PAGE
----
More men, please
I’d like to see more men working in early childhood education.
Men in this overwhelmingly female industry face the same sorts of prejudice and undermining as pioneering women have experienced breaking into male dominated industries. As far as I know, there are no formal systemic barriers to male participation. By this I mean, there are not actual rules against males doing this work, and we don’t appear to have a significant problem of males applying for jobs and getting passed over. But there are clearly things that stop males from doing the job.
I have an idea to try to address one small part of this problem.
Becoming a kindergarten teacher in Victoria requires 4-5 years of tertiary education. This is the highest paid job for early childhood educators, and it is on the way to gaining parity with primary teachers, although the career path is more limited. However, there are other jobs in the industry that have lower level qualifications. Most tertiary students in Victoria work part-time. In fact, after school care is one area that often attracts students.
Perhaps we could attract some male students into working in early childhood settings part-time during their student years? Early childhood lends itself to part-time work more readily than schools.
I can immediately see problems. We would be asking people to overcome their prejudices not just about men and children, but also their prejudices about youth. It is easy to imagine young men being great playmates. But I do not find it so easy to imagine them cleaning the toilets, or noticing when a child has a fever.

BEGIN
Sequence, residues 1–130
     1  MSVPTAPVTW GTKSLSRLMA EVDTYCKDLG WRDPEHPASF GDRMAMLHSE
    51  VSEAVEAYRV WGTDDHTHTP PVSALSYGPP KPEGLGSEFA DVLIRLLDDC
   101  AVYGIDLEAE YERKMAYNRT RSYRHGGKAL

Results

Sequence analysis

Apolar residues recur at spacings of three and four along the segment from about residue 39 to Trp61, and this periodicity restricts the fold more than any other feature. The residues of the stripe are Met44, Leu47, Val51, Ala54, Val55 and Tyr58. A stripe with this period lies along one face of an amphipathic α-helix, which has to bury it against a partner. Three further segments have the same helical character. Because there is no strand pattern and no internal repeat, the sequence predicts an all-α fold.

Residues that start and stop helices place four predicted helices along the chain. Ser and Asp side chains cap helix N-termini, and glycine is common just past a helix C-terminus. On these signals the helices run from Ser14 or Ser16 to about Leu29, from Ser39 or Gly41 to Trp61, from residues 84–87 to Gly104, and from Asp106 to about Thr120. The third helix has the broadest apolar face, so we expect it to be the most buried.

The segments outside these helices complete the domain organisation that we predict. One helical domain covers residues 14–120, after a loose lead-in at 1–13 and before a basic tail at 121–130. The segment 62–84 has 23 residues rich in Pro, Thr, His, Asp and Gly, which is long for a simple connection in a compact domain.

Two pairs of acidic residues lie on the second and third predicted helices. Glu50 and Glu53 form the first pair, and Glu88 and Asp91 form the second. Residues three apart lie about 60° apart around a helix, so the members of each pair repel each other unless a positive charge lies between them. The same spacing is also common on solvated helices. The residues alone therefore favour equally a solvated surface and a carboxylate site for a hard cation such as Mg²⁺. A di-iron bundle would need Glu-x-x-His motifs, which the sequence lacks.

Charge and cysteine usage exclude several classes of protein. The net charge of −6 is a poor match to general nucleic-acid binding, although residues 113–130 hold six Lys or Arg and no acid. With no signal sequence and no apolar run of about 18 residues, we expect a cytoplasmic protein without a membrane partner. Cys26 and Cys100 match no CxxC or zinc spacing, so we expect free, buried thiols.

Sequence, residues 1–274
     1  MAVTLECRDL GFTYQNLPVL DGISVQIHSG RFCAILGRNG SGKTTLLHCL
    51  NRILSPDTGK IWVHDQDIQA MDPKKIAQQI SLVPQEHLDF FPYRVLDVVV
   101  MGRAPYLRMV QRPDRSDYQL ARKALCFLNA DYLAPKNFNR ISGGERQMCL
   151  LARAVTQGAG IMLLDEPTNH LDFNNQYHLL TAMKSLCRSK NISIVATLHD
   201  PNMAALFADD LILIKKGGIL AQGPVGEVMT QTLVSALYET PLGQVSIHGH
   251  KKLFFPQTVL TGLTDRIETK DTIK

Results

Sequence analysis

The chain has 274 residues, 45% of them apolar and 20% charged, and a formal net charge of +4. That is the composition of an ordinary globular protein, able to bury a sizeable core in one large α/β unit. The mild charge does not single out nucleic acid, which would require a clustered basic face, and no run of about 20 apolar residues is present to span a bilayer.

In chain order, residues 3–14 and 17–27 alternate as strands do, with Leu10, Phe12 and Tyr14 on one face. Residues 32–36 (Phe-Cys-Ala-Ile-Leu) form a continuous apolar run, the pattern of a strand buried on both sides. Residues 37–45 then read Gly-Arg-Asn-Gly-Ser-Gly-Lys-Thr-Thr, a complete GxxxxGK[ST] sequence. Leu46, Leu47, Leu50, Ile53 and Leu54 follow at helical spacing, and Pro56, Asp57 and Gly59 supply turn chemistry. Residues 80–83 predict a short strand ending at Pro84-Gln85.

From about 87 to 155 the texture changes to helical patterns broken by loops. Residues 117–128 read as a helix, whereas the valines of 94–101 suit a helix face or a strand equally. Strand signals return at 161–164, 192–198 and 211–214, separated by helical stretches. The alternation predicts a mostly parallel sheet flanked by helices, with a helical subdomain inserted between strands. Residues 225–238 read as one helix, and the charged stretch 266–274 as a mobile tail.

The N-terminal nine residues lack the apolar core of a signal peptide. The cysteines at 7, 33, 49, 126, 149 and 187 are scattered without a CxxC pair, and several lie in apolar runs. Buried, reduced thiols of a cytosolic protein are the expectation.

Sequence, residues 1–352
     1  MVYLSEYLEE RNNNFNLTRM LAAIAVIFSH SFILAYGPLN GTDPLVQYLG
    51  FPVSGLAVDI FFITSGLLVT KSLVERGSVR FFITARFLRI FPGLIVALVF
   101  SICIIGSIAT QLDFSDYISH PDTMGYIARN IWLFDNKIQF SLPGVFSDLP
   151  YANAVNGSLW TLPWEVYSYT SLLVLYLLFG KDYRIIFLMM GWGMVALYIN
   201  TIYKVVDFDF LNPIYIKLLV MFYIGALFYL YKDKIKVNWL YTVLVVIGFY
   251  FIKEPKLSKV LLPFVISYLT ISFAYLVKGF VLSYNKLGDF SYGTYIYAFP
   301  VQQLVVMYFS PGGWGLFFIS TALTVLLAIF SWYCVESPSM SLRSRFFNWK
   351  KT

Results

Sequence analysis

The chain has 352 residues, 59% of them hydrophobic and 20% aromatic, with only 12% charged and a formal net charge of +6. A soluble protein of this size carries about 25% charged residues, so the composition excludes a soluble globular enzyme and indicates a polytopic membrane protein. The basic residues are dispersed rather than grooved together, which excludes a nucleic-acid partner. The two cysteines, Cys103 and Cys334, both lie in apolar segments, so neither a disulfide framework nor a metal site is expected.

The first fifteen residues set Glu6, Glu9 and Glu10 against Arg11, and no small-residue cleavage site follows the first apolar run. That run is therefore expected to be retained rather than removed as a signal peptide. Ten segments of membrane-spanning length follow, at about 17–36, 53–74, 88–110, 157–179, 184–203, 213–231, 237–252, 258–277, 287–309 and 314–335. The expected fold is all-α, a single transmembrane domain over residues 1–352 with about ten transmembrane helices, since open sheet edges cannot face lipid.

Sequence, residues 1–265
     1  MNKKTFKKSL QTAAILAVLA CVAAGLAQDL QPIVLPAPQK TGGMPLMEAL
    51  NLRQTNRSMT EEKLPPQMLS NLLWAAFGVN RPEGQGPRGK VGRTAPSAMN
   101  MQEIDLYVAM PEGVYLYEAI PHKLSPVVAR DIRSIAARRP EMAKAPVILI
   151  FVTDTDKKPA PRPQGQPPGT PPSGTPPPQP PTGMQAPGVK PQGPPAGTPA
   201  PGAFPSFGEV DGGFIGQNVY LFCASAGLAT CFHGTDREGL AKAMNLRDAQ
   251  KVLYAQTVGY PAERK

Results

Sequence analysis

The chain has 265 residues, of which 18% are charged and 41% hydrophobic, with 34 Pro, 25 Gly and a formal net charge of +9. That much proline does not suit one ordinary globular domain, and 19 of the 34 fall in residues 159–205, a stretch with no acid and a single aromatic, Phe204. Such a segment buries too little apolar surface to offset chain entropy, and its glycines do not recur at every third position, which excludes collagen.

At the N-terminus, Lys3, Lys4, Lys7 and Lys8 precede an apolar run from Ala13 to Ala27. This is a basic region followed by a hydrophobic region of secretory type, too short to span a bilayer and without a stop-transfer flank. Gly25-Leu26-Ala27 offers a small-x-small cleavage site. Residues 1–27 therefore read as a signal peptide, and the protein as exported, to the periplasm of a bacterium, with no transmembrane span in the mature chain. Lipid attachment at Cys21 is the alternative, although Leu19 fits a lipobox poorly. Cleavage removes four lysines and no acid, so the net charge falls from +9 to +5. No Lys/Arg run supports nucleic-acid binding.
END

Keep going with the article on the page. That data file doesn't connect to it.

The reality of early childhood education is that we rely on a massive informal qualification program called ‘motherhood’ to provide a lot of the skills we draw on. In my workplace, educators work in pairs. The university educated teacher may sometimes be a young woman with more theoretical than practical knowledge of children. But the assistant – who until recently did not need any formal qualifications – is pretty much always a mother: someone who has had kids of her own, who has had them attend kinder, and has learnt how to be pretty efficient at tidying up after kids and keeping a place hygienic.
I have to admit, as a teacher myself, I would be reluctant to entrust the important clean-and-tidy component of my assistant’s job to a young man. Or to a young woman, for that matter, which I suppose rescues me from being totally sexist, but still leaves me obviously prejudiced. I will just go and wash out my mouth with soap now.
But if we want more men in early childhood education – and I do – then we have to confront and challenge our prejudices.
Over the next couple of years, we have to move to lower educator-child ratios. In some cases, instead of reducing the number of children in the group, centres may opt to add a third educator. Perhaps, where this is the case, we can target this as a good job for a man.
And we can work on sharing the cleaning more equally.